Chains Aim for Summer Sales with Frozen Drinks and Treats

By
A look at the new line-up of cold drinks being released by fast food chains this summer
Chains Aim for Summer Sales with Frozen Drinks and Treats

Ice-cold drinks and desserts have long been summer staples, but major chains are tapping into new flavor combinations to stand out in the competitive snack market. The recent wave of frosty drinks includes juices and smoothies from a variety of sweet and tart fruits, as well as decadent, drinkable desserts with ice cream, chocolate and even baked goods.


The number of menus featuring cold drinks and snacks has been on the rise in recent years. Use of the term “smoothie” on menus grew 31.7 percent from 2007 to 2011, according to Los Angeles-based research firm Datassential, which reviews items on more than 4,750 menus. In the same period, the terms “iced coffee” and “lemonade” rose 25 percent and 13 percent, respectively.

McDonald’s is expanding its frozen-drink offerings with two new drinks this season.

The Oak Brook, Ill.-based chain’s new Mango Pineapple Real Fruit Smoothie joins the chain’s Real Fruit Smoothie line, which debuted last summer. That option blends what the chain calls a “real-fruit combination” of mango and pineapple, low-fat yogurt, ice and juice concentrate and is available this summer along with the existing strawberry-banana and wild berry flavors.

McDonald’s also introduced nationwide in May a Frozen Strawberry Lemonade, which it called a “key contributor” in U.S. comparable-store sales growth of 2.4 percent for the month.


Burger King reportedly is testing smoothies, as well. The chain did not provide details but did confirm that it was in the process of expanding its menu “to appeal to a broader audience.” A recent report in the Miami Herald said the chain is testing more than 12 new items in various markets, including mango and berry smoothies.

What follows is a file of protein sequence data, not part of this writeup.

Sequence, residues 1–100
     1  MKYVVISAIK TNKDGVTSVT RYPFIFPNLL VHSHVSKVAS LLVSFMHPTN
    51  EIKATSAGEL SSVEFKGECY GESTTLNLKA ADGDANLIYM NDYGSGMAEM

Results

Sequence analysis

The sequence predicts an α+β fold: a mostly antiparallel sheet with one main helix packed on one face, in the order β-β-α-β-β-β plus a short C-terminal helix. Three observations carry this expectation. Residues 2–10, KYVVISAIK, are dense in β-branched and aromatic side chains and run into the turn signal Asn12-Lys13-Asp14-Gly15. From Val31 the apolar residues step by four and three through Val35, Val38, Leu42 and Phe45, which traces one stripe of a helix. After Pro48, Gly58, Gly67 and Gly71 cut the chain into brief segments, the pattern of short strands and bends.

Also getting into the mix is Boston Market. Chief executive George Michel said the 487-unit chain is testing smoothies for the 2 p.m. to 4 p.m. snack period in the Washington, D.C., area. Michel said the drinks are offered at the “attractive” price point of $1.29.


Other chains are skipping fruit-based drinks in favor of more indulgent offerings.


Dunkin’ Donuts, for example, has added a cold chocolaty drink called Frozen Hot Chocolate.

Inspired by Dunkin’s 14-year-old Coolatta line of slushy beverages, Frozen Hot Chocolate is made with chocolate mix, ice and milk and topped with whipped cream, according to a franchisee in Allston, Mass. The suggested price for a 16-ounce serving is $2.69.

Dunkin’ also has added two Coolattas for the summer, blue raspberry and Mountain Dew. They join the existing lineup of coffee, strawberry, vanilla bean and Tropicana Orange beverages, which start at a suggested price of $2.29 for 16 ounces at the 9,700-unit chain.


“Over the past few years we’ve seen a significant increase in the popularity of our frozen beverages, not just in warm-weather months but all throughout the year,” John Costello, Dunkin’s chief marketing officer, said in a statement.


Cinnabon, meanwhile, is combining chocolate cookies and chocolate sauce with a vanilla-flavored dairy mix to make its Creamy ReTreat, which is available through September 3. It’s $3.99 for 16 ounces and $4.49 for 24 ounces.


“We want to grow the beverage offerings at a time when people are inclined to buy beverages, and that’s summer,” president Kat Cole told NRN when Cinnabon debuted the new drink in June.


Krispy Kreme is playing into its strength as a doughnut maker with doughnut-based shakes, which it’s testing in Greensboro, N.C., a staff member at one unit in that city confirmed.


They’re made of soft-serve ice cream and cake doughnuts and come in three flavors: original glaze, chocolate cake and raspberry. The shakes are $1.99 for a small and $2.99 for a large.


Arby’s, meanwhile, has updated its coffee-and-chocolate Jamocha shake. In June it offered a free 20-ounce Jamocha Oreo Shake with any combo meal. The shake is made with cookie crumbles and flavored syrup.

—Bret Thorn

Click here for more from NRN.com